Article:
A Vancouver developer is pitching a stylish new vision for Pigeon Park in the Downtown Eastside.
“The Merchants Bank building will be restored to its former elegance and will include reclaimed limestone façade, heritage architectural elements mixed with state of art modern features,” begins an advertisement for 1 West Hastings, which is located on the northwest corner of Hastings and Carrall streets.
“The building features high ceilings and has the opportunity for a patio, separated mezzanine and lower level floor which could be added to the main level or leased separately,” it continues.
The property is managed by Millennium Development, which is best known for constructing much of False Creek’s Olympic Village ahead of Vancouver hosting the 2010 Winter Olympic Games. It’s advertising 16,325 square feet of commercial space at 1 West Hastings for a monthly rent of $68,020.
Karen Ward is an activist associated with Gallery Gachet and a former board member of the Vancouver Area Network of Drug Users (VANDU). Interviewed down the street from Pigeon Park (which is also known as Pioneer Place), she recounted noticing the ad just before Christmas. Ward described it as “ridiculously displacing and aggressively gentrifying”.
“It assumes that the area is at the end of its existence as a low-income neighbourhood,” Ward told the Straight.
She explained that Pigeon Park has long served as a living room for low-income earners and people who live in the Downtown Eastside without a roof over their head.
“It’s one of those central places for the Downtown Eastside to gather,” Ward said. “This is not displacement; it’s an attempt to erase that history in a very comprehensive, in a very complete way.”
Millennium Development did not make a representative available for an interview. It however confirmed that the “patio” mentioned in the ad is envisioned for Pigeon Park.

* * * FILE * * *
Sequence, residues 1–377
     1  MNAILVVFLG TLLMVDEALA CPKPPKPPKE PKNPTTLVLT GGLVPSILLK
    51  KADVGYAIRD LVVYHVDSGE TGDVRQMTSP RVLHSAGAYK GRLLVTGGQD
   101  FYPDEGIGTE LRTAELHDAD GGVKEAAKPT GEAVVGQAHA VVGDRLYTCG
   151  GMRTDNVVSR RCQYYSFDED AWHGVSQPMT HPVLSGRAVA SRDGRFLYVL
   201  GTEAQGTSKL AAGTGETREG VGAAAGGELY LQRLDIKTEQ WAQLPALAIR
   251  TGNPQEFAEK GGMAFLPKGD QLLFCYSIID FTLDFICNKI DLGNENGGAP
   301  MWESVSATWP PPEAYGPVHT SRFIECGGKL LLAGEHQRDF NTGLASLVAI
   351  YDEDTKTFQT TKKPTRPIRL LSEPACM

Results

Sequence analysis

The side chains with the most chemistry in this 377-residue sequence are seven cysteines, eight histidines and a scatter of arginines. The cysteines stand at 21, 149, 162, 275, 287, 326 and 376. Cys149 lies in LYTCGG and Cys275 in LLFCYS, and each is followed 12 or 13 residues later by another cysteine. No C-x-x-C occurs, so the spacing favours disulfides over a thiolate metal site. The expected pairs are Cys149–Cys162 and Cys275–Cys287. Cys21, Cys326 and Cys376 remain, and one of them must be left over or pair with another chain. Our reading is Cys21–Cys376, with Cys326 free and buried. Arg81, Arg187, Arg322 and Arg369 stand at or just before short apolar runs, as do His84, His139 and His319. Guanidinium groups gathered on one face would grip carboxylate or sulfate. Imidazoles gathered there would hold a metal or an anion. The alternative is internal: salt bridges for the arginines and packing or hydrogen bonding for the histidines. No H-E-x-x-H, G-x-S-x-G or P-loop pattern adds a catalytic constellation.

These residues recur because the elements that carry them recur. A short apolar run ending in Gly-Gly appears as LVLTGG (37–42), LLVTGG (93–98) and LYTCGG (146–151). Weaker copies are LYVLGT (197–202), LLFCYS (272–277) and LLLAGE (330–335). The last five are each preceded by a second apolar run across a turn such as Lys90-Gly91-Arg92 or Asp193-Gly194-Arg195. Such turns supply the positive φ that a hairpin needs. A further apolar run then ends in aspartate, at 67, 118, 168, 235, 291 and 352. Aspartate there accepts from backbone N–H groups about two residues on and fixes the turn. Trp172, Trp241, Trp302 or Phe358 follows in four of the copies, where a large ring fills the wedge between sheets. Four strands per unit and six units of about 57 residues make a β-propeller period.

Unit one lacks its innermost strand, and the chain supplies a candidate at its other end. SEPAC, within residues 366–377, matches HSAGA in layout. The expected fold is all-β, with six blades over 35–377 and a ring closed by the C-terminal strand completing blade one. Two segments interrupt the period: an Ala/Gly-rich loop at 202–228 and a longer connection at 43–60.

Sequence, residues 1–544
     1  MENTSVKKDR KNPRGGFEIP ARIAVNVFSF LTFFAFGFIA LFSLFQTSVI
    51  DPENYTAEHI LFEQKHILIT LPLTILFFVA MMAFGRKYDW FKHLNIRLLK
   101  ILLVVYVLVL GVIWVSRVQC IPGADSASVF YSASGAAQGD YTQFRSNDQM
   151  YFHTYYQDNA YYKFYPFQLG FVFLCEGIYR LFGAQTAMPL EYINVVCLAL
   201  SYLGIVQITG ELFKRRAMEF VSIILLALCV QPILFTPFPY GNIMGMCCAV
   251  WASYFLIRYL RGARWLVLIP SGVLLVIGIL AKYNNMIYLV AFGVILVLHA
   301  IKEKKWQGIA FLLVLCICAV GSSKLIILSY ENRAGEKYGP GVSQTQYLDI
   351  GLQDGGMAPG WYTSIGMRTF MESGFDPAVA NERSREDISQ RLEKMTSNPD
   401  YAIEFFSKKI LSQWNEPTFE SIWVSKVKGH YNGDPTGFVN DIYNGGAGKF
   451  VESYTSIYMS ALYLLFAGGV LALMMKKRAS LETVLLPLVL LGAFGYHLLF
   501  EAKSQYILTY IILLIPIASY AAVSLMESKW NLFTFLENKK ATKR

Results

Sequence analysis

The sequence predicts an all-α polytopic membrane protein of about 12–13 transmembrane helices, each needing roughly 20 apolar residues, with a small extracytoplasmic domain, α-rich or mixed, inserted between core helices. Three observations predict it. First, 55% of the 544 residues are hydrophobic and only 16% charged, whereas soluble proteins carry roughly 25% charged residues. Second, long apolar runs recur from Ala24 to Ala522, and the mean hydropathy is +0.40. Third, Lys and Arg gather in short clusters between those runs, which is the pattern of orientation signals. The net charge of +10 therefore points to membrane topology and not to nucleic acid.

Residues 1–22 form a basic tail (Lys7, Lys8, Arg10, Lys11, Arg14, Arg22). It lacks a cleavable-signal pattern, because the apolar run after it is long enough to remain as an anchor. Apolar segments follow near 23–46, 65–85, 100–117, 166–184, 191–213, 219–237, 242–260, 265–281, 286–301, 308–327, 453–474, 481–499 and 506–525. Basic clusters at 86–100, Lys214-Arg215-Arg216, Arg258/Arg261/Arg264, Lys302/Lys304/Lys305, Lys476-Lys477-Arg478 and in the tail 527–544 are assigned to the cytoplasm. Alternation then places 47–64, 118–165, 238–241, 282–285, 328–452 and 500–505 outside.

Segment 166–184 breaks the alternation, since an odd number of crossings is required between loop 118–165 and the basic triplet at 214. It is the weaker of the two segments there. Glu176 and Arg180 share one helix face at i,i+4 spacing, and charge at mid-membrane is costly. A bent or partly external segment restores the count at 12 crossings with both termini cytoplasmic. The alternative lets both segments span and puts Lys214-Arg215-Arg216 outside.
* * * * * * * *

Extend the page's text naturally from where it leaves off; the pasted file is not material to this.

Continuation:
A spokesperson for the City of Vancouver said that because Pigeon Park is public land, any private business hoping to operate a patio there would have to apply for a permit and receive approval from the city’s engineering department.
The Merchant Bank first opened at 1 West Hastings Street in 1913. It was a prime location. A cable car ran along Hastings and the area that later became known as the Downtown Eastside was busy with loggers passing through Vancouver and shoppers attracted by the Woodwards Department Store.
The building later fell into disrepair. For many years it hosted a pawnshop on the ground floor and then was left vacant. Despite neglect, the City of Vancouver declared the Merchants Bank a heritage building in 2003.
In 2014, chunks of its concrete façade broke apart and fell into the park four storeys below. No one was hurt but the building spent the next three years wrapped in scaffolding. Now that renovation is complete.
“The Merchants Bank provides the perfect opportunity for a keen restaurateur as well as high-tech office users to join this progressive and innovative area and to capitalize on Gastown’s growing patronage and reputation as Vancouver’s culinary and high-tech core,” reads the Millennium Development listing.
In November 2016, Pigeon Park took on additional importance for the community when Indigenous people raised a totem pole there. Audrey Siegl is a member of the Musqueam First Nation and board member of the Sacred Circle Society, the organization behind the Survivors’ Totem Pole. “Pigeon Park is one of the last places that the community has to gather,” Siegl told the Straight.
“The pole stands there because we followed the amazing lead and inspiration that Bernie [Williams] had to create a memorial, a marker, a recognition and acknowledgement for past and present and, sadly, future survivors of the Downtown Eastside,” Siegl continued. “For it to just be in the way of the developer shows the huge chasm between the two communities.”
Siegl said she recently discussed the matter with Williams, the pole’s lead carver, and relayed a message from her: “The pole’s not going anywhere,” Williams said.
Wendy Pedersen is a long-time housing advocate who has expressed concerns for Millennium Development’s plans for several years.
“If there’s a high-end restaurant there, it’s definitely going to make people feel unwelcome in that park, a park that has served the community for 100 years,” she said.